Beyond its research and scholarly contributions, the center has played a large role in increasing the number of Latinos with a college education in the Houston area. CMAS’s Academic Achievers Program (AAP), which provides students with financial and academic assistance, has aided in the graduation of numerous students and has a graduation rate of 77 percent.

Viridiana Hernandez (’08), one of the AAP graduates, credits her success to the program and the resources it offered her. “There’s a lot of different streams of support that I used to get from the center,” Hernandez said. “There’s nothing I needed that I wasn’t able to get from them.”

The center’s annual banquet to raise scholarship funds for students in AAP is set for Oct. 21 and will feature NASA astronaut José Hernández as the keynote speaker. The event generates the majority of scholarship funding for the program and involves members of the local community in raising awareness of the center’s mission. Juanita Elizondo, director of Corporate Relations for Fiesta Mart Inc., joined the committee for this year’s banquet to personally support what she sees as a vital mission. “I just think that the program has done so much in addressing a need in the community, and the fact that they have provided this opportunity is truly a commitment to this generation and future generations,” she said.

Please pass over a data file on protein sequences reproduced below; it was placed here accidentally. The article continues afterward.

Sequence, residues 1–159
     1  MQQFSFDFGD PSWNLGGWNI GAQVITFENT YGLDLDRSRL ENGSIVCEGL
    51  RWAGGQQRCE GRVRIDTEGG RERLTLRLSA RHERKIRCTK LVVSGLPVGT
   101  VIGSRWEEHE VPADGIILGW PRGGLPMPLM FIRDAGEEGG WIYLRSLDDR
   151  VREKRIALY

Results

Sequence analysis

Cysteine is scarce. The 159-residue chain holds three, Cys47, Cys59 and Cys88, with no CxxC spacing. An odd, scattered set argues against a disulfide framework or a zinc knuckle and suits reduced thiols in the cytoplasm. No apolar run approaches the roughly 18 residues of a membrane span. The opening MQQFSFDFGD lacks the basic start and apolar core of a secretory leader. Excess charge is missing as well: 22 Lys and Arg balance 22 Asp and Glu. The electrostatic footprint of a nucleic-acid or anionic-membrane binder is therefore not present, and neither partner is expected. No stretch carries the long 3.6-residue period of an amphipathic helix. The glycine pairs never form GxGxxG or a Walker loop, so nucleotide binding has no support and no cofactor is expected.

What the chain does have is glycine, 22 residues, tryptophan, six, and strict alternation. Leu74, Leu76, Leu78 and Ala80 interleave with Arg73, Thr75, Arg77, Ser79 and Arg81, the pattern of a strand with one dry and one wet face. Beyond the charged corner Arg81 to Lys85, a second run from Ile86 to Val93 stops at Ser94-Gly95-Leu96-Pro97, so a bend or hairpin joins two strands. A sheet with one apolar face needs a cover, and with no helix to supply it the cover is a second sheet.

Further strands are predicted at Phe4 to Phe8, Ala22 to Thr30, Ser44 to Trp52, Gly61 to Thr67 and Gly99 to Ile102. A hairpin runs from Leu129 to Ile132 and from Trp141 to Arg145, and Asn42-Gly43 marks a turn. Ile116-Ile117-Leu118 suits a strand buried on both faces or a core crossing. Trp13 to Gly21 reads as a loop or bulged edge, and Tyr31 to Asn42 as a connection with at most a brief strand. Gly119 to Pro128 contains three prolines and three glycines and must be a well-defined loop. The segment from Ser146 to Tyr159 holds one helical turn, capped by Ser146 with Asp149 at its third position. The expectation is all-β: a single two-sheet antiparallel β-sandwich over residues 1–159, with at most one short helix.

A $5 million fundraising campaign recently was launched to ensure the longevity of the center’s overall impact and its distinct initiatives. The plan involves five separate $1 million endowments to support each of the major areas: the Visiting Scholars Program, the Graduate Fellowship Program, AAP, the director’s chair and a discretionary fund. It also will provide long-term funding for the program and ensure an eventual successor for Mindiola.